amfAR currently has partners in Cameroon, Belize, Jamaica, Russia, Uganda, and Zimbabwe—who are all on the frontlines of this struggle to reduce the spread and impact of HIV, and we stand strong with our courageous grantee partners.  I have had the privilege of working closely with many activists who are the targets of these heinous human rights violations, that are perpetuated by archaic homophobic laws and clearly work against local struggles to address HIV. Each day, I grow more and more concerned for their safety, and at times feel helpless in being able to effect change at a global level.  

In Belize, a faith-based campaign is calling for the lynching of the director of the GMT organization UNIBAM. In Belize, a faith-based campaign is calling for the lynching of the director of the GMT organization UNIBAM. (Photo:, I also recognize that social change often takes standing up for what you believe in. And I am reminded of something the late Keith Goddard, longtime director of Gays and Lesbians of Zimbabwe (GALZ), once told me: In his eyes, all of these horrors actually indicated progress.  To Keith, twenty years ago, LGBT people were forced to remain invisible in many ‘rights constrained’ localities.  Today, however, the abuse and crimes against these human rights defenders are clear signs that LGBT people do exist, and these acts are a push back to their increasing visibility and increasingly successful demands for equal rights.  In Keith’s view, twenty years from now, those rights that are currently being demanded will actually be achieved—and this is all part of social change.

This week, a couple of our Cameroonian colleagues will be joining amfAR staff in New York City to share their story, and meet with others about increasing funding to their program.  Clearly, the outrageous news coming from Cameroon shows a step backward in the movement; however, their resolve to continue the struggle is an inspiration to me.  We need to stand firm with them, supporting our Cameroonian colleagues’ efforts to address these issues.  The only way we shall overcome is by sustaining locally based efforts in the face of these violent backlashes to progress.

Collaboration and Media Representation in Togo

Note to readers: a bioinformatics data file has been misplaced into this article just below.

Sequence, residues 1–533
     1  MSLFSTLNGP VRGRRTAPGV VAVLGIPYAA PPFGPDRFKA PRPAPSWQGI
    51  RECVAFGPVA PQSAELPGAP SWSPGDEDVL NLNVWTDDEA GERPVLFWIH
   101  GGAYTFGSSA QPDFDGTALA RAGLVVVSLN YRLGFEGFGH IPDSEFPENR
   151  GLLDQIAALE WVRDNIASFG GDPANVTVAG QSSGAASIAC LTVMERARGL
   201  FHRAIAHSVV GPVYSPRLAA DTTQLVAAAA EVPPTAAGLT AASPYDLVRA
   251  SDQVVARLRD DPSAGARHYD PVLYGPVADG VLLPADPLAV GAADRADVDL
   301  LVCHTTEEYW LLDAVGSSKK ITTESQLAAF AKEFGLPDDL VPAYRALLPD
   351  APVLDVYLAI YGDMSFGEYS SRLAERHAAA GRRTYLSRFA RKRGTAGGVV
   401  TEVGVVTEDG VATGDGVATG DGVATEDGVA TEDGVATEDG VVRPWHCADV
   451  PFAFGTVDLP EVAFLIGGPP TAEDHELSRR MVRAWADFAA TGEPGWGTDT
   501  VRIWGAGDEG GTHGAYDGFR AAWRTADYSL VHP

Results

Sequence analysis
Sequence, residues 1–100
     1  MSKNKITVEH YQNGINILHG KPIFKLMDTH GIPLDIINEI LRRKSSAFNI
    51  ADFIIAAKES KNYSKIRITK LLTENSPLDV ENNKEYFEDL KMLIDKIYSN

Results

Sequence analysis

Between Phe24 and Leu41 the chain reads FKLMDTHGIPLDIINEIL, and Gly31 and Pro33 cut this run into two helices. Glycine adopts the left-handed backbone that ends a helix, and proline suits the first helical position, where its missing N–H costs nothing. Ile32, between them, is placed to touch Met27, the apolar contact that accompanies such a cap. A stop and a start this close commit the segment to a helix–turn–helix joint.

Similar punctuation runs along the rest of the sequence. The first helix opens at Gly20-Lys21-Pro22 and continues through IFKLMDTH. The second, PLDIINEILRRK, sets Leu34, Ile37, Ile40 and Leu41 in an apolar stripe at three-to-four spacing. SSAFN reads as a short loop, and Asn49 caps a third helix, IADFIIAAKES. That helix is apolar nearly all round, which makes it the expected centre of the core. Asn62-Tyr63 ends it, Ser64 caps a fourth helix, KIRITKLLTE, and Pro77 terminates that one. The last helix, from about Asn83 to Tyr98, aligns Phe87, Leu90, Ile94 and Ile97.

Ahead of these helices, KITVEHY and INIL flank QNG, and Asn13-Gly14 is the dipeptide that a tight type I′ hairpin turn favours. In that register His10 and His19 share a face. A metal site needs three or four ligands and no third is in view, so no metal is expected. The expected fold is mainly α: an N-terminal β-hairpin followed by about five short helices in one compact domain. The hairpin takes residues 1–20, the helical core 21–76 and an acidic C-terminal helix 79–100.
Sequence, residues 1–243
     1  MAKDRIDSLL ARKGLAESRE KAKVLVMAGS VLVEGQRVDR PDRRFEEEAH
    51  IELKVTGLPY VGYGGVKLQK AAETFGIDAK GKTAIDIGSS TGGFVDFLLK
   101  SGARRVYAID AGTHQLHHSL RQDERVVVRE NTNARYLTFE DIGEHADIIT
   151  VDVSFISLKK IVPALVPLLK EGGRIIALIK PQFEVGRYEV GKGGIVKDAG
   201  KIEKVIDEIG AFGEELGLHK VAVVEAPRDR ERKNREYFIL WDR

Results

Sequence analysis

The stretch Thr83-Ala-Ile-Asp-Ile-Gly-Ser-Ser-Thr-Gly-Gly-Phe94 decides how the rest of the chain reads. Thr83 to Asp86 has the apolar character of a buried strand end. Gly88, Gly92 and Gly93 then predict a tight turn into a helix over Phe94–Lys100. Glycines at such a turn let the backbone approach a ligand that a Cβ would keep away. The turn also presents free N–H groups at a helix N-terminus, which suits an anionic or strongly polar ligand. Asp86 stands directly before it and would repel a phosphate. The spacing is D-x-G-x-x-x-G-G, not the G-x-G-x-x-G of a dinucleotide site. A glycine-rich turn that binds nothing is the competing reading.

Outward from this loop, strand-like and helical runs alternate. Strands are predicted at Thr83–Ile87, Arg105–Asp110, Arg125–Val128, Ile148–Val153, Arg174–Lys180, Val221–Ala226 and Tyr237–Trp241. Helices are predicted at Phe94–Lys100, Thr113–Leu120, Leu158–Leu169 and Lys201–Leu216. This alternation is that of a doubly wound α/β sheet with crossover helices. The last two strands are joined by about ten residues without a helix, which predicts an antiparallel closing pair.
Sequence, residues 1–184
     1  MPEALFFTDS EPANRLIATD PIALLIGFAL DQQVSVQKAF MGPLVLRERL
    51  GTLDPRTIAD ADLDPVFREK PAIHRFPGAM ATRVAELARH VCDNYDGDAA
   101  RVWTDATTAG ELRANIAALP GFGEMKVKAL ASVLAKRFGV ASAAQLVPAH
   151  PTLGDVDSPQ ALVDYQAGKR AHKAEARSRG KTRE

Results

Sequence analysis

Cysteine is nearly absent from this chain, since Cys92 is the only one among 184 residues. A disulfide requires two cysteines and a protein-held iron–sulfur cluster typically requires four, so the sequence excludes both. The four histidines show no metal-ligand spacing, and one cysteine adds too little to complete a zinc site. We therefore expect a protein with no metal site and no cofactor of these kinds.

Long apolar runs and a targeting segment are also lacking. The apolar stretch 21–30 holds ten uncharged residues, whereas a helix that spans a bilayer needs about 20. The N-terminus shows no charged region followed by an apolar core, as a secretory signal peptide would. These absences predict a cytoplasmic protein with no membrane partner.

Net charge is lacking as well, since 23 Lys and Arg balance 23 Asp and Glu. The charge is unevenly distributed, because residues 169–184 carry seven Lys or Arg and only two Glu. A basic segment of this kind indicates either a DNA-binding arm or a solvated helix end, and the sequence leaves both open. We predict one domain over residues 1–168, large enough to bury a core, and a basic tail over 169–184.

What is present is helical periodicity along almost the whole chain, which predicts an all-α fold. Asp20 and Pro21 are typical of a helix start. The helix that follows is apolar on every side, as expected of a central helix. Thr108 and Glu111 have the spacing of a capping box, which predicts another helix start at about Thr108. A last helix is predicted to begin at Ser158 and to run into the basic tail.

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Posted by Ben Clapham July 17, 2013

Three years ago, the three organizations in Togo that work with GMT were at odds. They competed against each other for the same funds from the same international donors and rarely worked together. However, they recognized that the lack of cooperation was weakening their efforts to address the strong societal and institutional stigma and discrimination against GMT in Togo. So they joined together for the first time to apply for funding to help foster their collaboration.  

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Members of MENS, Club de 7 Jours, and Afrique Arc-en-Ciel work together at the meeting room at their new center.

amfAR is currently funding this consortium of the three organizations—MENS, Club de 7 Jours, and Afrique Arc-en-Ciel. The project is a game-changing first step towards a more coordinated and organized approach for and by GMT in Togo.  It includes a new center that houses all three organizations’ offices. The organizations are also co-hosting workshops to train GMT about advocacy and other workshops to educate the larger community about issues GMT face.

When I visited Togo last year, it was not even possible to have a meeting with a representative from each organization at the same table. When I arrived last week, the directors of each organization had just returned from a series of workshops held with prominent media houses and journalists to discuss ways to broker a more responsible and truthful media representation of GMT. To me, this change in one year represents a major shift in priorities, and a signal that there really is strength in numbers.